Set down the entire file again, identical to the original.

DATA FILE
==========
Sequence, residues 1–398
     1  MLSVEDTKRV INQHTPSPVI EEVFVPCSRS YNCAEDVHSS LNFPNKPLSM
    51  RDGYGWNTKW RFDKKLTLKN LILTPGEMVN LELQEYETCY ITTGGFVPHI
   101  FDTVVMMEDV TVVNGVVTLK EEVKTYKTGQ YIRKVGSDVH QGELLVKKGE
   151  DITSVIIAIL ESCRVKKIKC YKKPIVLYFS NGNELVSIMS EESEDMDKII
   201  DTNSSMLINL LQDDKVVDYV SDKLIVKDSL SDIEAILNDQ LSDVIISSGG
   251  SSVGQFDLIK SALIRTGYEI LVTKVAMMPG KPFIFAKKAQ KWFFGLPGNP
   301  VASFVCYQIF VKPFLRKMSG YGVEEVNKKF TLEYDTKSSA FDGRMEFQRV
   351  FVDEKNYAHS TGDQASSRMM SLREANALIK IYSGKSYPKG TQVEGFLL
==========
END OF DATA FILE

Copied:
Sequence, residues 1–398
     1  MLSVEDTKRV INQHTPSPVI EEVFVPCSRS YNCAEDVHSS LNFPNKPLSM
    51  RDGYGWNTKW RFDKKLTLKN LILTPGEMVN LELQEYETCY ITTGGFVPHI
   101  FDTVVMMEDV TVVNGVVTLK EEVKTYKTGQ YIRKVGSDVH QGELLVKKGE
   151  DITSVIIAIL ESCRVKKIKC YKKPIVLYFS NGNELVSIMS EESEDMDKII
   201  DTNSSMLINL LQDDKVVDYV SDKLIVKDSL SDIEAILNDQ LSDVIISSGG
   251  SSVGQFDLIK SALIRTGYEI LVTKVAMMPG KPFIFAKKAQ KWFFGLPGNP
   301  VASFVCYQIF VKPFLRKMSG YGVEEVNKKF TLEYDTKSSA FDGRMEFQRV
   351  FVDEKNYAHS TGDQASSRMM SLREANALIK IYSGKSYPKG TQVEGFLL